Intrauterine insemination (IUI) is frequently used as the first-line treatment for infertility, due to the relative simplicity and cost-effectiveness of the procedure. Even though, several sperm processing techniques are used for IUI, semen samples need to be washed using a single and appropriate method prior to insemination. Implementing low-cost sperm preparation methods for IUI would benefit those seeking help in developing countries such as Gabon, where treatment for infertility is currently virtually non-existent.
The first section of this research was aimed towards the evaluation of a sperm swim-up method (SW-10) while in the second section the feasibility of establishing an IUI programme in Gabon was explored.
The initial section involved three sets of experiments. Semen samples were obtained from patients and donors participating in the Reproductive Biology Laboratory?s research donor registry programme. For experiment (i), semen samples (n=25) were divided into 3 equal aliquots and processed using three syringes with volumes of 5 ml (SW-5),10 ml (SW-10) and 20 ml (SW-20), respectively. During experiment (ii), semen samples (n=20) were split into 2 equal volumes and processed using either the SEP-D kit or the SW-10 method. In experiment (iii) (n=20) two sperm preparation methods i.e. the single layer centrifugation (SLC) and the density gradient centrifugation (DGC) were compared. For post-processing analyses, concentration, motility and total motile sperm count (experiments (i), (ii) and (iii)), as well as morphology, viability and DNA integrity (experiment (ii)) were evaluated.
Information on the feasibility of establishing an IUI programme in Gabon in the second section was obtained from a questionnaire completed by gynaecologists practising in Gabon. Results: In the first section, experiment (i) indicated a significant increase in motility and concentrations in spermatozoa processed using the SW-10 method when compared to SW-5 and SW-20 (p<0.05). Experiment (ii) revealed that the SW-10 method yielded spermatozoa with significant superior motility and concentration when compared to that obtained using the SEP-D kit (p<0.05). The SW-10 yielded a statistically significant larger number of spermatozoa with intact plasma membranes, DNA content and normal morphology (p<0.05). In experiment (iii), semen processed using SLC resulted in spermatozoa with statistically significant higher concentrations. However spermatozoa obtained from the DGC had superior motility.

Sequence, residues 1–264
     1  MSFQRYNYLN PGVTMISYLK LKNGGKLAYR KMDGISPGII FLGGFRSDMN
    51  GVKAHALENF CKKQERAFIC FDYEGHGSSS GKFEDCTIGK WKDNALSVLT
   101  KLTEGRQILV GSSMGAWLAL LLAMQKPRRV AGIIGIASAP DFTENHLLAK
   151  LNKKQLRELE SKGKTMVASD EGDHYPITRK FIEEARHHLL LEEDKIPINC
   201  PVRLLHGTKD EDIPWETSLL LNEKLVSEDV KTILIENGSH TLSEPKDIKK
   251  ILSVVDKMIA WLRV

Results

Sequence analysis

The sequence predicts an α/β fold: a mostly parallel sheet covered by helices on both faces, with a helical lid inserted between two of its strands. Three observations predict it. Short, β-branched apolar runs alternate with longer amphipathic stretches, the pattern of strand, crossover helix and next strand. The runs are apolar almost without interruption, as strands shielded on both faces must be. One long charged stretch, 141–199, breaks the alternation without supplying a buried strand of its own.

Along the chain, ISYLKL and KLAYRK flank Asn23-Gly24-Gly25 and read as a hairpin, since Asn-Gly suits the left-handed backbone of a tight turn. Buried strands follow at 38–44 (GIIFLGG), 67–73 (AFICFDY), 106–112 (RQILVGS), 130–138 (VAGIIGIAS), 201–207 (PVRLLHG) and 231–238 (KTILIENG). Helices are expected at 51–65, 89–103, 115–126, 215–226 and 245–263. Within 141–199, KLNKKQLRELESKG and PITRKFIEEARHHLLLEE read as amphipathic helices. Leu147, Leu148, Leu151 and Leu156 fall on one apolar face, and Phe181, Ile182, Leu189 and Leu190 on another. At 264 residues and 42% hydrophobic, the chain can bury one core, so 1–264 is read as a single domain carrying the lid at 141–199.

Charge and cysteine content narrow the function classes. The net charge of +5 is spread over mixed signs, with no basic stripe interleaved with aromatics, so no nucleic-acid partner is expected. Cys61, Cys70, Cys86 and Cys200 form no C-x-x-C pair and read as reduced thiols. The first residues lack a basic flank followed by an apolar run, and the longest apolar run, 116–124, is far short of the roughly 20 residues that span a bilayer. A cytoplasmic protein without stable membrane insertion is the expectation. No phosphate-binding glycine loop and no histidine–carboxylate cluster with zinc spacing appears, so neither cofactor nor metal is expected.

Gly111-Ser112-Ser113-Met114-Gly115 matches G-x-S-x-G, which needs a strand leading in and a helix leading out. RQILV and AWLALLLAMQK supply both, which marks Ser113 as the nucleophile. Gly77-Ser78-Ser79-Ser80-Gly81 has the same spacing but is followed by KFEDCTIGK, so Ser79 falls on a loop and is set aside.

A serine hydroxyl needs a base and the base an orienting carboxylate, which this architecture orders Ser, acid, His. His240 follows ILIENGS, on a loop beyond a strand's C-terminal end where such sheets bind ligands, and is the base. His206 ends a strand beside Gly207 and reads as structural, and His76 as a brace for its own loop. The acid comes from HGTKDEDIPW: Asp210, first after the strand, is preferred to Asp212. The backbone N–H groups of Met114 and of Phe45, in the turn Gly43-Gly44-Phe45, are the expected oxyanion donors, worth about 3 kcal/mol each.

The second section comprised a gynaecological survey conducted in Gabon. Seventeen (85%) of the 20 registered gynaecologists participated in the survey. Gynaecologists were particularly interested in a basic infertility treatment and training programme, as well as in the establishment of an ART unit in Libreville. All participants were in agreement that ART services would improve both diagnostic and therapeutic patient services in Gabon.
Discussion and conclusion:
This study indicated that spermatozoa recovered from the simplified sperm swim-up method had statistically significantly higher sperm parameters when compared to those from the SEP-D kit. Processing semen using SLC resulted in significantly higher sperm concentration when compared to that of the DGC, which yielded a higher percentage of progressively motile spermatozoa.
The need to establish an IUI programme in Gabon was proved in the second section of this study. In conclusion, the simplified swim-up method can possibly be an effective low-cost alternative in the preparation of semen samples for IUI procedures. The implementation of low-cost sperm preparation methods can be important in developing countries such as Gabon.